This can be said for many parts of the Caribbean as contract workers were very common in the first half of the 20th Century which meant travel between islands and the sharing of cultures was ever-prevalent.
Why rake and scrape music almost never came to be
During the ‘seasoning’ periods which slaves were taught to assimilate with their new cultures and surroundings after arriving via slave ships from the East, many African tribes blended for the first time. Tribal traditions were shared and blended. It was a great learning period for Africans who lost their freedom unexpectedly.
During this time, many drumming gatherings took place as Africans seem to have the rhythm nailed into their hip. This was the early start of Bahamas music as the Africans tried to imitate sounds from home.
These drum circles made plantation owners nervous because the gatherings would get very large. Ultimately, plantation owners banned the drums, but luckily, the foothold was already in the door. The groundwork was laid for traditional Bahamian music.
Where can I go to hear Bahamas music?
If you happen to be traveling in the Bahamas in June, make sure to attend the Annual Rake and Scrape Music Festival held on Cat Island (which is where the music is said to have its roots). It is the only festival in the Bahamas which puts an emphasis on the music indigenous to the country.
Hand saws, loose pieces of wood, a tin washtub, the goatskin drum; anything which can be used to create sound is used! Here, you can participate in the action in several jam circles throughout the festival grounds. It is a great place to go to learn the rhythm and culture surrounding rake and scrape tradition.
Where else can you hear Rake and Scrape music regularly?
If you are not fortunate enough to attend the Annual Rake and Scrape Music Festival in Cat Island, do not worry. There are plenty of opportunities to hear traditional Bahamian music all over the islands.
Typically, resorts and larger hotels will host one or two nights of traditional music on the premises. Otherwise, there are bars and clubs which feature the music. Shops play rake and scrape from their portable speakers. Even beach bars will occasionally play a rake and scrape music tune.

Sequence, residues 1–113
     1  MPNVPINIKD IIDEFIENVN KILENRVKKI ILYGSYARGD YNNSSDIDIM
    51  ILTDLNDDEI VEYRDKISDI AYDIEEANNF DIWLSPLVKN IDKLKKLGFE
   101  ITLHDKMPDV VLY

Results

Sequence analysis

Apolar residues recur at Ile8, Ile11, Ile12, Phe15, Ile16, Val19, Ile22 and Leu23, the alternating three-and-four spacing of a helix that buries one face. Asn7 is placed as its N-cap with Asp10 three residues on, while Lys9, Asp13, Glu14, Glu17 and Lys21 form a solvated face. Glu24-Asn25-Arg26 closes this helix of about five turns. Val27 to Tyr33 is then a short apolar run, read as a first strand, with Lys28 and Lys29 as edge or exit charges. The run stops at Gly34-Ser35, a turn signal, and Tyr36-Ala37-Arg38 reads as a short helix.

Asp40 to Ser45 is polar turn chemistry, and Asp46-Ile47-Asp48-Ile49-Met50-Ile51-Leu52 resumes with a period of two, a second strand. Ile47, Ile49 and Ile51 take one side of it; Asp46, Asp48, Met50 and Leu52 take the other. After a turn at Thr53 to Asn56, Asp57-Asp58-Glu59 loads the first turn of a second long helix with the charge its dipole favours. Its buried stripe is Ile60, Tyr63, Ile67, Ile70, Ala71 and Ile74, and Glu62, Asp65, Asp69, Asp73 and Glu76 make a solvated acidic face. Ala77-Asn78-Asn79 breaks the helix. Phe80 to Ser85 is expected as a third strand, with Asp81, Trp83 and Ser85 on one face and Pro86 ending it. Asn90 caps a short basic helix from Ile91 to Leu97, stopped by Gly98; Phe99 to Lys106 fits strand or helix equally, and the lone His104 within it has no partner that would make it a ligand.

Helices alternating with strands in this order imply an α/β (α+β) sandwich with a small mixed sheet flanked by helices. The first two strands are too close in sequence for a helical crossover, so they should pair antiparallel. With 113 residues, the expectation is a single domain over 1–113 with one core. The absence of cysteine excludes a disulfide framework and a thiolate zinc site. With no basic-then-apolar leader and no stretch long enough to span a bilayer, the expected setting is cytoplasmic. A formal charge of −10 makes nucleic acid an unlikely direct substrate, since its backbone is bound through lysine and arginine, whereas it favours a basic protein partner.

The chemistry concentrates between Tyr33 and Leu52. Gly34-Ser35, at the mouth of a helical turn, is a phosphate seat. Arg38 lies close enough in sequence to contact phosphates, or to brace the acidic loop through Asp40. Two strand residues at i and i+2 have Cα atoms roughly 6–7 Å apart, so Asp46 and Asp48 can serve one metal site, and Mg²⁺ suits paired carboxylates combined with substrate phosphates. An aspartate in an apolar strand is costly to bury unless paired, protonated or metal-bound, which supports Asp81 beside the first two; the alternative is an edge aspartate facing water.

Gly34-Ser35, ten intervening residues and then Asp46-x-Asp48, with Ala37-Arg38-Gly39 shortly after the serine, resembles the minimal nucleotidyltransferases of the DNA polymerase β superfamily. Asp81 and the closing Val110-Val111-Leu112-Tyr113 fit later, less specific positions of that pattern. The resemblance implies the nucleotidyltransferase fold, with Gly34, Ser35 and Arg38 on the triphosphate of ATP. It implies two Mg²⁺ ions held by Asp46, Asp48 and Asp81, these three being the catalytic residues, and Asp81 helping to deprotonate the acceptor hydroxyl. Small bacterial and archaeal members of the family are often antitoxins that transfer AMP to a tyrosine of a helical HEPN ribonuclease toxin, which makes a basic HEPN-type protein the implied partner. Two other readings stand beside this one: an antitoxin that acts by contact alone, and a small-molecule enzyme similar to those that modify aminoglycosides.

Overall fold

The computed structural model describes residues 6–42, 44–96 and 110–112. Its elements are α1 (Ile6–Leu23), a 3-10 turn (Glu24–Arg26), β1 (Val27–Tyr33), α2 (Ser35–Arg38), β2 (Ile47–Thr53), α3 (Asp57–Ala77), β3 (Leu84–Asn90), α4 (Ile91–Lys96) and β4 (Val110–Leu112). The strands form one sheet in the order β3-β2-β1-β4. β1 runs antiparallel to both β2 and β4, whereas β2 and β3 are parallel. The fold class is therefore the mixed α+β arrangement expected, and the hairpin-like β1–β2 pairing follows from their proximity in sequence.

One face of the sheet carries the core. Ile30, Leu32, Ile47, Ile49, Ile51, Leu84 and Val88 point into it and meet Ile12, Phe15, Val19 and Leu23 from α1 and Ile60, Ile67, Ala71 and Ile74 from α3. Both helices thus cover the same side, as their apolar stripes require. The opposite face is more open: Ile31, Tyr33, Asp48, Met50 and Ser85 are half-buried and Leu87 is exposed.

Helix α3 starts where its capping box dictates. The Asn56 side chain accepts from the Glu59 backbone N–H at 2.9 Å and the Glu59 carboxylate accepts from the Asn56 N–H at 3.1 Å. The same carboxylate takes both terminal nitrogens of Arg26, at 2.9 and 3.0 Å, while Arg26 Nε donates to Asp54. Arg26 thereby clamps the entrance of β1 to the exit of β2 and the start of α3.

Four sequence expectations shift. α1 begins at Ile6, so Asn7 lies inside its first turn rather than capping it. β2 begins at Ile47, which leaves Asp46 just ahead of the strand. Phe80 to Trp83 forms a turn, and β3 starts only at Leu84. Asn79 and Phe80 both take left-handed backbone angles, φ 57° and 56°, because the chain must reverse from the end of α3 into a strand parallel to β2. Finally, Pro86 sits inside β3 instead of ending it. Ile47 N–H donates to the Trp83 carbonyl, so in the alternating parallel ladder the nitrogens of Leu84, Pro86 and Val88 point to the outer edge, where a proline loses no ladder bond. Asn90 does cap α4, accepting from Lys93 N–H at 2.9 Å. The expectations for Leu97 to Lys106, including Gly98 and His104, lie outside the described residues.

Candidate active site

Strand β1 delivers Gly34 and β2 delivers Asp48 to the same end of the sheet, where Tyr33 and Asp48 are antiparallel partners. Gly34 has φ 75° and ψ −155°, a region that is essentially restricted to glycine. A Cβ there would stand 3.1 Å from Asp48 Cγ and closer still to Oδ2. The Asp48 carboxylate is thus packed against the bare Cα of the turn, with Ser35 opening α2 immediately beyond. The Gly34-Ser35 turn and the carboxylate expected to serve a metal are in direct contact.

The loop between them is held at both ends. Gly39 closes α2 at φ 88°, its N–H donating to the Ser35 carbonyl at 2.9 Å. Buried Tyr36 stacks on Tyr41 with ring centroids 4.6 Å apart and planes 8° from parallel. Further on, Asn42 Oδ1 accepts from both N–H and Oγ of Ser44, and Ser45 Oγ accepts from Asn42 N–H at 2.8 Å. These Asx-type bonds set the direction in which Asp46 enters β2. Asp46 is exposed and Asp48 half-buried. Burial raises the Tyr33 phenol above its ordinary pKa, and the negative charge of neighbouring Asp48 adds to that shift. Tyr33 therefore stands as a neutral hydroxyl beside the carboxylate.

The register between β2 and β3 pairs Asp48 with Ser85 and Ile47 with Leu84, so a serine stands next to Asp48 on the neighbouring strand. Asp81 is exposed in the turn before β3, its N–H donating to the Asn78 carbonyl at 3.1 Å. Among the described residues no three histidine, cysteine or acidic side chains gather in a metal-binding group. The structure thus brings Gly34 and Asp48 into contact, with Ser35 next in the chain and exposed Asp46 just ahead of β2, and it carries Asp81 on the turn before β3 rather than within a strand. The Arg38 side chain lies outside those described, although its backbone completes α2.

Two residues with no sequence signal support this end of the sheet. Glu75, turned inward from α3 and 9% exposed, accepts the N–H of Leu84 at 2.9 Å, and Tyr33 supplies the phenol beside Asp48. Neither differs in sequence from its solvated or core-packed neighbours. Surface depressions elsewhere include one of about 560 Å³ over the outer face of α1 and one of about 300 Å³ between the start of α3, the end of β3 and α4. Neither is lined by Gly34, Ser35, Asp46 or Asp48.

The push to preserve Rake and Scrape
Nowadays, Rake and Scrape music only exists in the Bahamas with other variations in surrounding islands. However, locals are putting an emphasis on keeping the genre afloat, surrounded by waves and waves of new musical genres.
It is hard to understand the cultural significance until Bahamas music is all but gone. That is why there is a recent push to preserve this generational music. Today, Bahamian folk music thrives on the islands and doesn’t seem threatened by competing genres in the interests of the new generations. However, tradition can be lost in a flash and it is always better to be vigilant.
Exuma Day Trips with Bahamas Air Tours
Thinking about a Miami to Bahamas day trip? Experience traditional Bahamian music and the lively Exuma pigs on a Staniel Cay day trips offer from Florida to Bahamas by Bahamas air charter.
Bahamas Air Tours offers the only Swimming pigs tours which get you to the original pigs in the Bahamas on Pig Island (Big Major Cay) in comfort and luxury. Our flights to Bahamas, which offer tours to Pig Beach to go swimming with pigs Bahamas, happen every day from Florida and Nassau.
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Select images courtesy of the Bahamas Ministry Of Tourism.